Anyway, once I received the hip-replacement diagnosis, I decided to do everything in my power to delay getting an artificial hip. I researched herbs and supplements and figure I’d start on a regimen of chondroitin, glucosamine and Longvida activated curcumin. These are good for joints, including anti-inflammatory effects. I even started cod liver oil. In February I had received a yoga routine from my teacher that could help my hip, and I resolved to practice it regularly. I also decided I should try out Scott Sonnon’s Ageless Mobility joint health DVD, as his story and experience and discoveries were compelling. As it turned out, aside from doing yoga occasionally, I didn’t end up doing any of these things because of what I did next.

    It occurred to me to call a friend who is a skilled healer. I related my great concern about the hip replacement diagnosis. He said I was too young to be having this problem and recommended a book, The Divided Mind, by John Sarno. He told me that he felt a lot of my stiffness was held in my mind. He was familiar with me that way because years earlier he had cured painfully spasmed muscles in my neck/jaw/collarbone/shoulder area (which was brought on by work stress). I right away went back to my desk and Googled the book and Dr Sarno. I was impressed and excited and recognized this may very well be what was going on with me—and I sure hoped it was because it was much more hopeful than my diagnosis from the sports medicine clinic. I ordered The Divided Mind from Amazon and had it in my hands the next day. I also watched the 20/20 show about Dr Sarno on YouTube, read through the Thank You Dr Sarno website, and read through this forum. Right away I started feeling better. Within a few days to a week I was mostly pain-free.

    This was at the end of May 2015. Most of my hip joint pain and radiating leg pain went away then and hasn’t returned. The limp has gone away and walking is again pleasurable and life-affirming. I do occasionally get radiating pain down my leg. This sometimes happens when I’m still, but that lasts just a few minutes and goes away as soon as I get up. My sleep is now undisturbed – no pain. But I don’t feel I’m out of the woods yet. I still need to confirm how the hip is when I’m running, rowing or skipping rope, etc. It’s been a busy summer and I haven’t exercised. Also, this summer I didn’t spend any time looking into this further. I didn’t read Dr Sarno’s book further (I had only gotten about halfway through), or get on this TMS forum or anything else. I’m just starting again now, which is why I’m typing my story now though I had wanted to back in early June. Also, though most of the hip joint pain is gone, it can still be sore in certain movements and I’m aware of it as a sensitive area that way. For instance deep knee bends at the fridge are harder to get up out of than before. Also lifting my legs into the car - it might be still be a bit painful ( I’m unsure, because I’ve not been paying as much attention since late May), though it’s definitely better now, because when I really had the pain I had to lift my right leg into the car with my hand. Yesterday I ran a bit on the sidewalk to get out of the rain and into my car, and it felt fine. Overall things are so much better, say 90% better, and in some aspects 95% or more. But I still am not as strong and agile in my right leg because of whatever pain remains.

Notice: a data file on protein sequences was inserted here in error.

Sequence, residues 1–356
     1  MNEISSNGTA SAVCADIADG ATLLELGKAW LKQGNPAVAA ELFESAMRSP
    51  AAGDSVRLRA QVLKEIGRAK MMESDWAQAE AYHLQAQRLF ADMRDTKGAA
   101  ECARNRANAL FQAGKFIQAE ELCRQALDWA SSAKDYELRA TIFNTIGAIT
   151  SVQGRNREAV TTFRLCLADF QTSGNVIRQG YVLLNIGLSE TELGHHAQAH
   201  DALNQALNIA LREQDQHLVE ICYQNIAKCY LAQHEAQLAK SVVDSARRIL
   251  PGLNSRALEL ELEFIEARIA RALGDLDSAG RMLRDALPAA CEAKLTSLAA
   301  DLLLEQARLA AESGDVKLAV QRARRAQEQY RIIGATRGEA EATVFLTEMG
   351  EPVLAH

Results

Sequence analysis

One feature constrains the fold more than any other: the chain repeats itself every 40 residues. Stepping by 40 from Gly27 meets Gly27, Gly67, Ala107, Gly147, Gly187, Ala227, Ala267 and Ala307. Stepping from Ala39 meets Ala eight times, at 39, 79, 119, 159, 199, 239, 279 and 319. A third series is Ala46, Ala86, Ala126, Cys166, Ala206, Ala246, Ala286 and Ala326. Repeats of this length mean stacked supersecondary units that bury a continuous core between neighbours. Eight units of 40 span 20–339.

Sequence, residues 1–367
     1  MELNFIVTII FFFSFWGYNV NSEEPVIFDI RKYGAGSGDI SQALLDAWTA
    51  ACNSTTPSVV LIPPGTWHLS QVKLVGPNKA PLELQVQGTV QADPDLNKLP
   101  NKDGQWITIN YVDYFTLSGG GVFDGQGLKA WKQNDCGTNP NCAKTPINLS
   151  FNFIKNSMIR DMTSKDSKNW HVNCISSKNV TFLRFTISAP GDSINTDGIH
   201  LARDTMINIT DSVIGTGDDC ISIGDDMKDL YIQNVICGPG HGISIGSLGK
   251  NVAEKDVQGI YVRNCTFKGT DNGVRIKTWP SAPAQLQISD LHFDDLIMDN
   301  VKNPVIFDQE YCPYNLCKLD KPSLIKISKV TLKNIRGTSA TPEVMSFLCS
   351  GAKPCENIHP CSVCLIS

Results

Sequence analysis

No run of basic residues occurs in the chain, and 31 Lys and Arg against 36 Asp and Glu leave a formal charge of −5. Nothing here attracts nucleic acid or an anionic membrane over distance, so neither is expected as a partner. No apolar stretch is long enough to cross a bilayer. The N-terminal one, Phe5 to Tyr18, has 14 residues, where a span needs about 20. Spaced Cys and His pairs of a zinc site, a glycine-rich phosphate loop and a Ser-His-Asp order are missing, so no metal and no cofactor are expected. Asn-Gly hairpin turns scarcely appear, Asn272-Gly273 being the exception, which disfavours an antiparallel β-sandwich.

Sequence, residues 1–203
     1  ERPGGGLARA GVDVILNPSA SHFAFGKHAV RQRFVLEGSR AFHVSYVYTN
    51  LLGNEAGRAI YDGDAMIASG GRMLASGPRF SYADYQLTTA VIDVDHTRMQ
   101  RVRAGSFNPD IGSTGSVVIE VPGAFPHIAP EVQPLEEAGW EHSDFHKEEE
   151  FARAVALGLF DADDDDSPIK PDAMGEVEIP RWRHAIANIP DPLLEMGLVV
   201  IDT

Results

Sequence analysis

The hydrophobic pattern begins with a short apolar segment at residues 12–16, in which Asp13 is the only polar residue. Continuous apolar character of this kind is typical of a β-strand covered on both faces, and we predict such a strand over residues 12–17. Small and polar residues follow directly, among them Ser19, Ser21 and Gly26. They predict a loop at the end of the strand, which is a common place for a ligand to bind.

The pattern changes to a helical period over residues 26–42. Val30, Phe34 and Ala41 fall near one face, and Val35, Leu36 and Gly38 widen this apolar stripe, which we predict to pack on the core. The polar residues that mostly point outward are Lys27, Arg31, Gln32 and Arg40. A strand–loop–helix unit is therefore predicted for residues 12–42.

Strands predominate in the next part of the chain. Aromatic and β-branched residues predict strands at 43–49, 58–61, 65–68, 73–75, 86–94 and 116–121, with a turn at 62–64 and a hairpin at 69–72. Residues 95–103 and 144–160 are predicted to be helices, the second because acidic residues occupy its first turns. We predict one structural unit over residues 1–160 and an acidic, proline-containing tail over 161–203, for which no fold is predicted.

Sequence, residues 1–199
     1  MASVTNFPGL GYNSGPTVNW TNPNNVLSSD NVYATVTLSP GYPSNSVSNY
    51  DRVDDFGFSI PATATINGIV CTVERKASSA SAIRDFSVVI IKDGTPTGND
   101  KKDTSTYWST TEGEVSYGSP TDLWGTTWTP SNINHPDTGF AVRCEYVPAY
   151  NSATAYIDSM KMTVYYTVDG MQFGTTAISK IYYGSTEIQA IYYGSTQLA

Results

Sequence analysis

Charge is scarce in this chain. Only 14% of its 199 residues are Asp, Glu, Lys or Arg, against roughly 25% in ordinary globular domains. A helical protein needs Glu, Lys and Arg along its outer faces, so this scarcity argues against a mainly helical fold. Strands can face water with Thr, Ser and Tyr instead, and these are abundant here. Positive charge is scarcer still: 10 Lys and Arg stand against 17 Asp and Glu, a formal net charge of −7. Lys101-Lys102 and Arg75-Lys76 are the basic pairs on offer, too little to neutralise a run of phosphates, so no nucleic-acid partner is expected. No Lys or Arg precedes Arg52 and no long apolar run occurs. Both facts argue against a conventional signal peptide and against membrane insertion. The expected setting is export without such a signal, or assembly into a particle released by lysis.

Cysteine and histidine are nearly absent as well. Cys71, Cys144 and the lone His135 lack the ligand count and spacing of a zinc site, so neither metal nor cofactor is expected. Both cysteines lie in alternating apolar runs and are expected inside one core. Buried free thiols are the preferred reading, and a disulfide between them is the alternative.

A few notes:

    - When I started reading The Divided Mind I made a list of the things that I could be angry about. It was a helpful exercise. Although I wasn’t unaware of any of these issues, it had a crystallizing effect to see them laid out on a page together. Also it reminded me of how big an impact some of them were having in my day to day life right now. It also reminded me to chip away at solutions and take a philosophical view rather than tense up angrily at any of the issues.

    - Back in December 2014 I and my wife and kids were laid out flat for over a week by the nastiest cold I could remember experiencing. During that period of 1-2 weeks, I felt no hip and leg pain at all. This absence of pain recurred when I had smaller colds twice during the winter months of 2015. Interestingly, when I mentioned this to the doctors and physiotherapist at the sports medicine clinic, they didn’t seem interested. In my opinion, this absence of pain was an important observation. Based on Dr Sarno’s work, I think what happened is that the colds provided sufficient misery to distract me from whatever emotions the hip/leg pain were trying to distract me from and therefore I didn’t need the hip/leg pain to provide distraction.